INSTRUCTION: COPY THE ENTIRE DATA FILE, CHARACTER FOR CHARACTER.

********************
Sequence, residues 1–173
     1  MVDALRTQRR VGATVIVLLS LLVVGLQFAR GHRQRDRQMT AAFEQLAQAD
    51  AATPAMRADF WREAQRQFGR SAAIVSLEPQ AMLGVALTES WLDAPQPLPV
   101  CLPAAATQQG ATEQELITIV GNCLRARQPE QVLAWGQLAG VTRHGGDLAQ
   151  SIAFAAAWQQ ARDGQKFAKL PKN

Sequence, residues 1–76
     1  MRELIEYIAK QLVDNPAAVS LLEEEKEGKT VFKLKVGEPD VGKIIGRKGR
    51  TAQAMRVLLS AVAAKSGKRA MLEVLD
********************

Sequence, residues 1–173
     1  MVDALRTQRR VGATVIVLLS LLVVGLQFAR GHRQRDRQMT AAFEQLAQAD
    51  AATPAMRADF WREAQRQFGR SAAIVSLEPQ AMLGVALTES WLDAPQPLPV
   101  CLPAAATQQG ATEQELITIV GNCLRARQPE QVLAWGQLAG VTRHGGDLAQ
   151  SIAFAAAWQQ ARDGQKFAKL PKN

Sequence, residues 1–76
     1  MRELIEYIAK QLVDNPAAVS LLEEEKEGKT VFKLKVGEPD VGKIIGRKGR
    51  TAQAMRVLLS AVAAKSGKRA MLEVLD